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Today's Playing Catch-Up, a weekly column that dares to speak to notable video game industry figures about their pasts and futures, speaks to Lyle Hall, creator of pioneering 32-bit platformer GEX about his career from Dune II to _SpongeBo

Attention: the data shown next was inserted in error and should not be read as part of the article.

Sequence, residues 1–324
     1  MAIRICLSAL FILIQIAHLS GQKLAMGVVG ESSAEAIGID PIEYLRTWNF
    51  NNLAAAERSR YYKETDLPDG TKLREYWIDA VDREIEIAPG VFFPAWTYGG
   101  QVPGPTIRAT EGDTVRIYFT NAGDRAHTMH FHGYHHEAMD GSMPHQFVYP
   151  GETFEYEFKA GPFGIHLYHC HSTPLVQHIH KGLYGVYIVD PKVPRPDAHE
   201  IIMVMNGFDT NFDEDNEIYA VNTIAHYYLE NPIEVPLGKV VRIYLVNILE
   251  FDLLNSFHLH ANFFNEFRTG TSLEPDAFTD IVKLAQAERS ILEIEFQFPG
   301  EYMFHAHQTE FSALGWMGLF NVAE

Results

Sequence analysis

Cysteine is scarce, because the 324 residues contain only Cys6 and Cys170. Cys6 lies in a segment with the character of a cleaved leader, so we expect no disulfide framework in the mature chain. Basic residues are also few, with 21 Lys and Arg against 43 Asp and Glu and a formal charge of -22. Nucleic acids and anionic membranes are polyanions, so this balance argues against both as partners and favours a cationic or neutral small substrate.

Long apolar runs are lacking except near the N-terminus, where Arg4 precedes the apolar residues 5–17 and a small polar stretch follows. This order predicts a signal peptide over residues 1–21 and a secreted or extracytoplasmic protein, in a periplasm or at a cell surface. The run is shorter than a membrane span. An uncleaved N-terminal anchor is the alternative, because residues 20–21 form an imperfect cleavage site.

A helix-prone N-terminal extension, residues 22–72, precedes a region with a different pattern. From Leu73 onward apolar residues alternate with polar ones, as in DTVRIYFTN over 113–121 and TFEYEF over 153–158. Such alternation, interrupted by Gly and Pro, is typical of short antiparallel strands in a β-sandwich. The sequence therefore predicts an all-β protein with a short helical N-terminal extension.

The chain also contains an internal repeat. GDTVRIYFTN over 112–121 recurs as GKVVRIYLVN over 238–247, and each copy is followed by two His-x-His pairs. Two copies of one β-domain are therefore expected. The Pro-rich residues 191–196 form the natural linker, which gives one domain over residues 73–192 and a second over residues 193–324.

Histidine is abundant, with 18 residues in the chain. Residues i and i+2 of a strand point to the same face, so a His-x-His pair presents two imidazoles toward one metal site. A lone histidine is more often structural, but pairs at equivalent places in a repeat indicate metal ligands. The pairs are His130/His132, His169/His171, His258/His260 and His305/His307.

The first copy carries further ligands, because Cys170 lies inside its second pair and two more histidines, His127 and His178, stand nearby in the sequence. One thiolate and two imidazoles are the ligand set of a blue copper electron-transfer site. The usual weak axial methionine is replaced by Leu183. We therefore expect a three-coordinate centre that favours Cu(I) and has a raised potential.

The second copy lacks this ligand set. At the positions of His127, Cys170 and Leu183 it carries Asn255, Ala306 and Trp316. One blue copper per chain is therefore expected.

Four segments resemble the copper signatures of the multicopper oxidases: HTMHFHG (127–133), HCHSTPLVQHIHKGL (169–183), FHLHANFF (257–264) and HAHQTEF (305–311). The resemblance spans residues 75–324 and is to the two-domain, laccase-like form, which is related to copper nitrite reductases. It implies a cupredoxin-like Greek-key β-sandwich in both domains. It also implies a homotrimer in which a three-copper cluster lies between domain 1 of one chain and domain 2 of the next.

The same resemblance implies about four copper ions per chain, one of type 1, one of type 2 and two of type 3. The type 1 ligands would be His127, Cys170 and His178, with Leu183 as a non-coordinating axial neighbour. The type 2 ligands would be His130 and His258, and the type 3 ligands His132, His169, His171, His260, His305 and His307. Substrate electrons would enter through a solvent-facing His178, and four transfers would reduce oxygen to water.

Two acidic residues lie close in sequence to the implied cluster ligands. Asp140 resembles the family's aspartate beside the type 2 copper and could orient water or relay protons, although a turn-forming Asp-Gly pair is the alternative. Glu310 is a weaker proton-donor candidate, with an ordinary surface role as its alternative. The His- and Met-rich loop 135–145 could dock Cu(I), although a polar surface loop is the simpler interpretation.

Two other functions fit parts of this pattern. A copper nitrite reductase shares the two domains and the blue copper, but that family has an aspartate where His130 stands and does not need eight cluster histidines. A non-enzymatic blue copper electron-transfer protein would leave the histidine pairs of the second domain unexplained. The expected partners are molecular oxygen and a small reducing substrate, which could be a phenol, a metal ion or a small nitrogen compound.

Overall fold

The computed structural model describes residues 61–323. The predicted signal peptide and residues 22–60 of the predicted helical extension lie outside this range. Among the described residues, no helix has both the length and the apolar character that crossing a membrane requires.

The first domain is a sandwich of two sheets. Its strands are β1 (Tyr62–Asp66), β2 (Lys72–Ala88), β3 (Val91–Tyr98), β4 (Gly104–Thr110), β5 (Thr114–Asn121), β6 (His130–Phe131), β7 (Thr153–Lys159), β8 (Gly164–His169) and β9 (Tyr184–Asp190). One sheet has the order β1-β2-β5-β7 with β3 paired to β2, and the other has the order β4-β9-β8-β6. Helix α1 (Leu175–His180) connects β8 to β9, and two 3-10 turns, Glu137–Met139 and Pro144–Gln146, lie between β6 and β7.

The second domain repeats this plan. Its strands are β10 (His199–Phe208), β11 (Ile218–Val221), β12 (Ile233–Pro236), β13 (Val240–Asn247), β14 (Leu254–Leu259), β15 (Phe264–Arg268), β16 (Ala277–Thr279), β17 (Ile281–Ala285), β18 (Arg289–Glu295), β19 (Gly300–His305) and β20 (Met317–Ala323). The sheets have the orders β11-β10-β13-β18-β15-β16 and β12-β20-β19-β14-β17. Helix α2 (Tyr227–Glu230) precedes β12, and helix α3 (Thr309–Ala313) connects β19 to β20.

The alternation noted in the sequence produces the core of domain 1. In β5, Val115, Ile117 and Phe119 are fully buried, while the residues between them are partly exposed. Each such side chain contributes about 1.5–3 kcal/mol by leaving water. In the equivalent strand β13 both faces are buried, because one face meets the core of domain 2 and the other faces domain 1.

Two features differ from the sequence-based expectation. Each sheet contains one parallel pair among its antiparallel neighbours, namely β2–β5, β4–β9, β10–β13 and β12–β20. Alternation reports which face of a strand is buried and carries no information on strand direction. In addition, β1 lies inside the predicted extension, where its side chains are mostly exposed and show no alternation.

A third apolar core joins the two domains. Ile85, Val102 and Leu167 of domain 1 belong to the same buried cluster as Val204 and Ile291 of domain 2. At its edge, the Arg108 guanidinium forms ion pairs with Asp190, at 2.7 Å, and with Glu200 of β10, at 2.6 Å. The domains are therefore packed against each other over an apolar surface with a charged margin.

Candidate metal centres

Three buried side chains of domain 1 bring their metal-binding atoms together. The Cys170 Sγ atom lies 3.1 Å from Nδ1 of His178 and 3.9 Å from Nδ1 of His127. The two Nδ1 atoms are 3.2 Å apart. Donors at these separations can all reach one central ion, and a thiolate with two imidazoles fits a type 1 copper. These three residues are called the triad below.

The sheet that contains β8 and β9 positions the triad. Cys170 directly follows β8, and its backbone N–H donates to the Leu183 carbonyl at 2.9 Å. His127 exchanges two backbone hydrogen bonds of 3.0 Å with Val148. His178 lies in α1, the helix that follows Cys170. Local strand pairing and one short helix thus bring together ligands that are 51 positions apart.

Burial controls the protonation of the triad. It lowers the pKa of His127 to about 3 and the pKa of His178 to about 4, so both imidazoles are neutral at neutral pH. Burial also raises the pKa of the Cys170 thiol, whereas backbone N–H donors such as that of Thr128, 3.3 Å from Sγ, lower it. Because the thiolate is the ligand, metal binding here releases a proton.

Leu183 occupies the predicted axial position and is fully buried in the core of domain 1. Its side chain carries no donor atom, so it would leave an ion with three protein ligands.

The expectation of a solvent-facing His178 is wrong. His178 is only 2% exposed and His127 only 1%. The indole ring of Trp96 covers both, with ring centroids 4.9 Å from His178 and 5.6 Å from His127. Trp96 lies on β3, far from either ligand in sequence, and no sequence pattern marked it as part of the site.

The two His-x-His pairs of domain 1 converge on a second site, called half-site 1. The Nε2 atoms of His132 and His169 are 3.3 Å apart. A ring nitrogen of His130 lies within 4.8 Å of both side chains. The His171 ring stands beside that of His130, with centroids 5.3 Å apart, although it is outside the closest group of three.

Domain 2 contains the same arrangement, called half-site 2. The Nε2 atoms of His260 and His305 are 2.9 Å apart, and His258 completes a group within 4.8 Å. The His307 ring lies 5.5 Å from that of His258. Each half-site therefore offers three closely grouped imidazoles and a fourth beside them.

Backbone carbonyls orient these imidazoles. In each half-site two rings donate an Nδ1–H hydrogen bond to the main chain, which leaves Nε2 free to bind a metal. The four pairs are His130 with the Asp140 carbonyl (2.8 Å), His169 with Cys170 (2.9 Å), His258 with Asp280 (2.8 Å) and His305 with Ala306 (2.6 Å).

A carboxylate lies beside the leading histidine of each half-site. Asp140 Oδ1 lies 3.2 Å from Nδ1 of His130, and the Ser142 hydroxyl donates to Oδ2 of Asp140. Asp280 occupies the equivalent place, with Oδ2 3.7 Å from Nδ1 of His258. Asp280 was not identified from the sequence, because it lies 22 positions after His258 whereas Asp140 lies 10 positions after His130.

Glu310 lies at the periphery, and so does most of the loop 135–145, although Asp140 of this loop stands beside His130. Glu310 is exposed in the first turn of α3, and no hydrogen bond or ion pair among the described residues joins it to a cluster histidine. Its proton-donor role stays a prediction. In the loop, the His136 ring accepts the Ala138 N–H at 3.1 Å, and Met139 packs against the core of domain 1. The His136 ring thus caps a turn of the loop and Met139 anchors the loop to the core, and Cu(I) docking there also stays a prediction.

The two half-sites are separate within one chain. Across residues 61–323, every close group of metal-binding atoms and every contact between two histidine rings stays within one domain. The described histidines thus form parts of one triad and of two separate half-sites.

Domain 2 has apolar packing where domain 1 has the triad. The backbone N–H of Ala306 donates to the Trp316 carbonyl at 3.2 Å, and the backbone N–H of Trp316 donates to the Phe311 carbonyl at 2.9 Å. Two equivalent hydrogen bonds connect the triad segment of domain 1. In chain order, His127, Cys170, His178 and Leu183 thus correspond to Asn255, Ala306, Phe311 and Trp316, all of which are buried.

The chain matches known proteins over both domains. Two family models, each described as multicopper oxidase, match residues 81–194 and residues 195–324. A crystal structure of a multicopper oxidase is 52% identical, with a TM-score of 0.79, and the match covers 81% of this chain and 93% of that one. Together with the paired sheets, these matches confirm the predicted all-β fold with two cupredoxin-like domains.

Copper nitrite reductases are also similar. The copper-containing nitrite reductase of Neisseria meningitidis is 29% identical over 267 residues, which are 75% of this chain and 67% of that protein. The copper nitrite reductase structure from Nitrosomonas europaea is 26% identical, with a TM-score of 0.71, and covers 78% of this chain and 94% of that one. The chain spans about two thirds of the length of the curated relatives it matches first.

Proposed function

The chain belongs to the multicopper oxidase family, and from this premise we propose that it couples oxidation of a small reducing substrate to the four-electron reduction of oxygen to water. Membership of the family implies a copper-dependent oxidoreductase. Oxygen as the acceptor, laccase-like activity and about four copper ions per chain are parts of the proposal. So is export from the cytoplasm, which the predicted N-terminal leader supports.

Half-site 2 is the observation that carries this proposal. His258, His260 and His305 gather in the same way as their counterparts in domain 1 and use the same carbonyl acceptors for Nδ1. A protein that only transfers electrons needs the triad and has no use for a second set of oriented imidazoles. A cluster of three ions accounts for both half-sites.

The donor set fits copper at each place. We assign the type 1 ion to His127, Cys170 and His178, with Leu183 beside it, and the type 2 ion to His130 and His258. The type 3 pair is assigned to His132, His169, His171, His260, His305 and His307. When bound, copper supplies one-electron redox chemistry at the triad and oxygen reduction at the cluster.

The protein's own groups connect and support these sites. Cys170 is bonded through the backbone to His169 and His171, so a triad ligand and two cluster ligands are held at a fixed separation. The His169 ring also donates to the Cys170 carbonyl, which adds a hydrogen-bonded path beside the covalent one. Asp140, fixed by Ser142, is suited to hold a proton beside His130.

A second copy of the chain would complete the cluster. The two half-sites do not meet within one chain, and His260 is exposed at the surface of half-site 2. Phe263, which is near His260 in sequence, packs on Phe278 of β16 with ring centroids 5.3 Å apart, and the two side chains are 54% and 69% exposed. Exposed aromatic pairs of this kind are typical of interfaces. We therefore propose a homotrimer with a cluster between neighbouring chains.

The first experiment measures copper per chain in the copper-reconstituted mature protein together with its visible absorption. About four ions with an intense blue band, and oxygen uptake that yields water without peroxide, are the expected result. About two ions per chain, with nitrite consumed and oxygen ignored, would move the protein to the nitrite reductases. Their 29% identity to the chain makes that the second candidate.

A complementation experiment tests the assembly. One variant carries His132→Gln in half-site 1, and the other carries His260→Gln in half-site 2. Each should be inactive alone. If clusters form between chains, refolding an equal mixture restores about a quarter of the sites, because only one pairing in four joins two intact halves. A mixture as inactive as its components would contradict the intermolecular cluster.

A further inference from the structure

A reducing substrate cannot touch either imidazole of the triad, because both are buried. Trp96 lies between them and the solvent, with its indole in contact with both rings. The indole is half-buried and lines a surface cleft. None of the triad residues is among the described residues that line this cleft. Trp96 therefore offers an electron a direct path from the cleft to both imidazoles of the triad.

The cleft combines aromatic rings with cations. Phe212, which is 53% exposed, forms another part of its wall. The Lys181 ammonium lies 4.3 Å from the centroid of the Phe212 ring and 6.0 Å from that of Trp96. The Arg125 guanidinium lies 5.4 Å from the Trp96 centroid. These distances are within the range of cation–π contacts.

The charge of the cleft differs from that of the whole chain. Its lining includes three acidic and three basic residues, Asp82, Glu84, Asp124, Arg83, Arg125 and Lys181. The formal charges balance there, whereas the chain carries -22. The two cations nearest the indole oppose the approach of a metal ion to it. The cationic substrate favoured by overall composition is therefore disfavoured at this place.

Alistair Wallis, Blogger

January 18, 2007

9 Min Read